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Episode 21 - Jim and Heidi Barrett



If you are feeling depressed by the state of our nation, take hope and a few minutes to listen to the stories of two conservation heroes, Jim and Heidi Barrett.  Jim and Heidi are long-time residents of Silver Gate, MT, near Cooke City on the doorstep of Yellowstone Park. They raised their son in the company of grizzlies, moose, wolves, and other wonders of the Greater Yellowstone Ecosystem. With modesty and courage, they took on – and won -- some of the biggest environmental threats facing their wild corner of the ecosystem. They were leaders in the epic battle to stop a gold mine from being built at the edge of Yellowstone Park; they worked to bring under control the escalating use of off-road vehicles; and they played a major role in improving sanitation systems in an area that had long been a “black hole for bears” because widely available garbage had caused so many bears to be killed.

Jim and Heidi Barrett are proof that a few people with big hearts and determination, can make an immeasurable difference for the wild, and all of us.

For more on Jim and Heidi and the efforts to reduce conflicts with grizzly bears around Cooke City, see my blog:  Trash Talk: Cooke City Cleans Up Garbage, Saves Bears




INTERVIEW EXCERPTS

"J: And I heard this kind of rumbling in the rocks, because we live out by a rockslide. And I’m shining the flashlight, and low and behold, within ten feet of me there are three grizzly cubs that -- they’re about the size of a two-year old baby. And I’m thinking: “Uh oh, that’s not good.” I had a Volkswagen beetle, and for some reason they just thought that was the coolest thing in the world. And they started climbing all over it, just like it was a jungle gym or something, just kind of mauling it. And then all got down off the car and followed their mother out the road."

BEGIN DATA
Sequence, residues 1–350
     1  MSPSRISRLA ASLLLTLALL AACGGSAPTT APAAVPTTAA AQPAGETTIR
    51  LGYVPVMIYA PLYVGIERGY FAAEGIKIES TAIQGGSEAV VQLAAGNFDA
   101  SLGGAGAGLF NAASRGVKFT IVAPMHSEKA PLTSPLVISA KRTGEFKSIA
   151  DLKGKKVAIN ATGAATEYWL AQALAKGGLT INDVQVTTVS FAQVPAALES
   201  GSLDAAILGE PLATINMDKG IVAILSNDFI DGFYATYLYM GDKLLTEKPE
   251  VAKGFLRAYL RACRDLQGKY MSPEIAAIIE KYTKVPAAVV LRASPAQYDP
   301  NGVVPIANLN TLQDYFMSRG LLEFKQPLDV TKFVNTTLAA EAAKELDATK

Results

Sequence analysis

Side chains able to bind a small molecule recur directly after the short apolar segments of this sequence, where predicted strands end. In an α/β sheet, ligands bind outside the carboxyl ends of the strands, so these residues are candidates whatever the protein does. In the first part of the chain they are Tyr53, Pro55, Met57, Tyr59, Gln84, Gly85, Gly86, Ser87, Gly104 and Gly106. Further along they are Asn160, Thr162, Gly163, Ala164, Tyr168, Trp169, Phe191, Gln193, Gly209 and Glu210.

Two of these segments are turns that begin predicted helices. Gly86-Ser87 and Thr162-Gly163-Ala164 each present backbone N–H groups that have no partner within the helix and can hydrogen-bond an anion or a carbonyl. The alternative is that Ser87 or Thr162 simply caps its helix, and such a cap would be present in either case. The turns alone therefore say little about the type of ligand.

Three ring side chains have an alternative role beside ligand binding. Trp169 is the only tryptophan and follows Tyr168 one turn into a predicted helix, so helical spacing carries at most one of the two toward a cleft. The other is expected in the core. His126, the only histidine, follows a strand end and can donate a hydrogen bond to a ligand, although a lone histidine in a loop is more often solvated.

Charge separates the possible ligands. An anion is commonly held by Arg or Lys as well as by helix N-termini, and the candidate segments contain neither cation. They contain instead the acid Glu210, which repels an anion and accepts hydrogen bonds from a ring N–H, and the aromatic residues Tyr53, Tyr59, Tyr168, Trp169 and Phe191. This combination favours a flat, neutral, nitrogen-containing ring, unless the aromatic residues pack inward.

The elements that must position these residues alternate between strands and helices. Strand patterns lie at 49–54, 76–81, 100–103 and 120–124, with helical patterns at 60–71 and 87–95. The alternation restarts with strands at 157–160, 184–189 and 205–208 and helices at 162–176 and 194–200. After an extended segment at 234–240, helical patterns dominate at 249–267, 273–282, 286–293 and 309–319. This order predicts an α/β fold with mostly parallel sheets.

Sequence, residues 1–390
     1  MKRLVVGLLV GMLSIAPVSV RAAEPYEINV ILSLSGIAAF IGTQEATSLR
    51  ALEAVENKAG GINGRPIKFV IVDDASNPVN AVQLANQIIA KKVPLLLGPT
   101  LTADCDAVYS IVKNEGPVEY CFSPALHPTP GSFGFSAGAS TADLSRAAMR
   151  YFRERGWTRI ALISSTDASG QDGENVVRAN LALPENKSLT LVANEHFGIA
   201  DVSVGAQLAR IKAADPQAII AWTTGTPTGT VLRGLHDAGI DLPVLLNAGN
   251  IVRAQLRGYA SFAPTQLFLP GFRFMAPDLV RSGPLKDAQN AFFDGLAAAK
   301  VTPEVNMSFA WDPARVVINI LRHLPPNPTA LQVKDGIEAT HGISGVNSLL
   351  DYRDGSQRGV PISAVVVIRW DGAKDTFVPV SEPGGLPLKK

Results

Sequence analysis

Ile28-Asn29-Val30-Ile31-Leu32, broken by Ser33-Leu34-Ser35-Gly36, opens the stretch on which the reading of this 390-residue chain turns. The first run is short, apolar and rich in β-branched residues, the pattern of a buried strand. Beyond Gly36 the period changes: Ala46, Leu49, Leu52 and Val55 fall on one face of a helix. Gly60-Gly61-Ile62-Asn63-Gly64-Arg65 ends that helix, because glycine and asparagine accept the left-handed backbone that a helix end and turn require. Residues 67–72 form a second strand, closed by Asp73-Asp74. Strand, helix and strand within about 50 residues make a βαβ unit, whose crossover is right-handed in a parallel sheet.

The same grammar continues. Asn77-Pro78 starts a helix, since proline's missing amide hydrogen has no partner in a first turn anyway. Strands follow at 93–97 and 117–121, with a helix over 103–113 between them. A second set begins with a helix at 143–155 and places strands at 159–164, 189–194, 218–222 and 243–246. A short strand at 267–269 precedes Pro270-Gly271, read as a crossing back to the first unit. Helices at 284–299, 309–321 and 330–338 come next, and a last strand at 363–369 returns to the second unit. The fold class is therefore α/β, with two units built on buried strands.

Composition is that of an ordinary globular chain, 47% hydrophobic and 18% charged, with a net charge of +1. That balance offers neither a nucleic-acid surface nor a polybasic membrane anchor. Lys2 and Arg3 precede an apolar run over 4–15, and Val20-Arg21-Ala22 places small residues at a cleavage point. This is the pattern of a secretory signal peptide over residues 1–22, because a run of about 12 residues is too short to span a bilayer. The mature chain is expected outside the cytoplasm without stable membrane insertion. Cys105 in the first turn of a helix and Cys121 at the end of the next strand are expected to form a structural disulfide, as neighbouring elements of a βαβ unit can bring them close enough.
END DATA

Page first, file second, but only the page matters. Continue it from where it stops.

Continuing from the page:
"J: ….we went up on top of Henderson Mountain, and we just thought: “How cool is this, looking at the Wilderness, looking down at the Clarks Fork of the Yellowstone River. How cool is this, to be in a place that’s so protected?” And then, like a year later, I find out that even though we had seen small time mining and drilling forever, suddenly now this is the real thing -- and there’s this proposal to do this huge mine. And because I was a resident there, and I already had a passion for the place, I couldn’t not be involved in that."

"H: I mean, NIMBYs serve a purpose – “Not In My Back Yard” -- is that they can be the watch dogs, and the canary in the coal mine, to be the first people to kind of say: “Wow this could be huge and we should get involved.” And I’m really glad we did. It was a great adventure and it was the right thing to do."

"…we knew that when bears got into the dump right after they got out of hibernation, that they were usually a “dead bear.” That’s what Cooke City was known for -- they were the “black hole” for bears in the ecosystem."

"So it was kind of a “win-win” situation to get that compacter put in up in Cooke City.…now the dump site is like kind of a tourist attraction up there. It’s where Cooke City has its art gallery, because any art that is found, it’s now up on the walls. And there’s a big section of books that you can come and get, it is like a Goodwill Store."

"…for the most part, even though bears still wander through on their treks from wherever they’re coming from or wherever they’re going, there is not the confrontation and the mortality that was occurring before [the compactor] happened."

"H: …if we can concentrate on some of the success stories we’ve had, and also help people learn how to live with grizzly bears, I think that we can make some big strides."



MORE READING

Books by Barbara Kingsolver

Anything by Rick Bass

Sun Magazine

Check out Jim’s art.




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